Do play with your food!

February 17th, 2011 by Daniel Leave a reply »


Packed in between my buddies and the crates lined with CDs I wasn’t thinking about food: I wasn’t thinking about my job as a bartender or the anomalies of my chosen profession. Michael Franti was playing his guitar and singing his soulful reggae tunes to a crowd of 200 happy Portlanders crammed tight like sardines into Music Millenium.  Yup, wasn’t thinking about food at all.  Then Michael hit us with a sermon.

“I’m a fortunate guy,” he said, “I play music for a living.  Ya, when I go to work, I get to just play.  If you have a job where you can play and get paid for it, then you should feel really good, really happy about your life.”

He went on to point out Larry Steele in the audience and mentioned that here was another great player.  I glanced at Larry in the front row and clapped, but that little introduction echoed in my ears.  It is still reverberating in my inner ear and somewhere even deeper.

Just about every day that I go to work at The Country Cat, I feel like I am playing with the cooks, with the guests dining, with the other front of the house staff.  It is play when I am mixing cocktails or pairing wine or tweaking the menu to accomodate someone with food allergies.  Sure I’m not stretching the boundaries of my mind, nor am I making a ton of money, but I walk around smiling all day.  That sense of playfulness that I bring to work everyday with me somehow fills the very air of the restaurant with fun, with good times, with whimsy.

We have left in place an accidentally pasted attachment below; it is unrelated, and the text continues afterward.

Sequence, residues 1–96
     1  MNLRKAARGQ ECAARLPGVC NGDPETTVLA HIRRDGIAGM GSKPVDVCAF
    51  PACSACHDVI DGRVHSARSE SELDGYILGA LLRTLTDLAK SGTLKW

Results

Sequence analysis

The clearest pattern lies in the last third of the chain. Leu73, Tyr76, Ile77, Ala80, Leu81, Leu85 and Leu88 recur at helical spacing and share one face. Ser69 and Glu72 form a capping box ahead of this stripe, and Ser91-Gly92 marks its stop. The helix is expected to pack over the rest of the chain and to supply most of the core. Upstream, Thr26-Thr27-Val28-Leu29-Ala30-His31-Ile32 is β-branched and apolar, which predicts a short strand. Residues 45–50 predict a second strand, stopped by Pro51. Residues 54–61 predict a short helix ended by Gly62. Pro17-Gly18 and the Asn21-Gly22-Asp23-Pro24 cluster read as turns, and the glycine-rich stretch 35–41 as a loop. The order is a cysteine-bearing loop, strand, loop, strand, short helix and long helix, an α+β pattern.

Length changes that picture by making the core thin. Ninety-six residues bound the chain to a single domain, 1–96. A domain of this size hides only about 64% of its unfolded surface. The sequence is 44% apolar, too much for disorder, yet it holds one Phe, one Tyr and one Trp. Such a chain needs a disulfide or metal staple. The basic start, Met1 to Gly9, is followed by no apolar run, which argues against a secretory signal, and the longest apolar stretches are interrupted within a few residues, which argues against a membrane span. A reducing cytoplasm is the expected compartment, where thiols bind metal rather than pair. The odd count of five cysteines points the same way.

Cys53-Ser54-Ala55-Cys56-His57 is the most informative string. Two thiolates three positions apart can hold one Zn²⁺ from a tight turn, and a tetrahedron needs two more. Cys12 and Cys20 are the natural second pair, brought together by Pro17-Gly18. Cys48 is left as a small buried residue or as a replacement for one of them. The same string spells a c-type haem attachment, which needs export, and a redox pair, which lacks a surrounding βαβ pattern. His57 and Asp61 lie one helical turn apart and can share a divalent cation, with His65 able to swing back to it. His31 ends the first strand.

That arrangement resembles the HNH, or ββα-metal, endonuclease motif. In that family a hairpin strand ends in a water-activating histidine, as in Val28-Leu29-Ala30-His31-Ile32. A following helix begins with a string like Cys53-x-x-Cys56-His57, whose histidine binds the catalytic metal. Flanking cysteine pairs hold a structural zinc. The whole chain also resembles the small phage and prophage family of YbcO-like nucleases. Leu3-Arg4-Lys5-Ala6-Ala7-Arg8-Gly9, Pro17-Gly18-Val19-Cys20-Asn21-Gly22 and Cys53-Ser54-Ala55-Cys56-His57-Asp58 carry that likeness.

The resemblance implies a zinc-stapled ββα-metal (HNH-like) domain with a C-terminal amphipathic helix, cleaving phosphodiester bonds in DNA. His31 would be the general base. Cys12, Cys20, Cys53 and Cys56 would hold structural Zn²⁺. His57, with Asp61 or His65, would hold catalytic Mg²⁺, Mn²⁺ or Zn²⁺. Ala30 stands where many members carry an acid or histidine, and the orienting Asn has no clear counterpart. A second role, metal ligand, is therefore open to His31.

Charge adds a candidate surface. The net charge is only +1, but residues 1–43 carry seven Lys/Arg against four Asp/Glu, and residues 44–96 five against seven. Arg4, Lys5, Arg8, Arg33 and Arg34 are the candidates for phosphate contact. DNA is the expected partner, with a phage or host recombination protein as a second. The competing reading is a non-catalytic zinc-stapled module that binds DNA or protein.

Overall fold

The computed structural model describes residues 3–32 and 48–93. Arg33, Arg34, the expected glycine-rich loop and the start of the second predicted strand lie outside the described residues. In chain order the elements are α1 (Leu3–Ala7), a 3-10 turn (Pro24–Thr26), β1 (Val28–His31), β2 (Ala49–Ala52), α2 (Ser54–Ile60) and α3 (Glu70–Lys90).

There is something very spiritual about serving  food.  That spiritual experience becomes multiplied when the food is local, when it is made from scratch, when the foods have just recently been harvested.  Folks come into restaurants not merely to eat.  People come into restaurants to be in a social setting, to experience positive social energy, as well as to eat.   So the more positive energy, the more serious play you can infuse into your food, the more attractive your restaurant is to the crowd of hungry people.

There are, of course, the occasional grumpy moments, but those clouds don’t come often and they don’t stay long.  Mostly I just walk around smiling and having fun with the folks in the restaurant.

The cooks have fun and laugh at me all day.

And I laugh right back.



1 comment

  1. david moore says:

    Daniel, you always make me laugh too!

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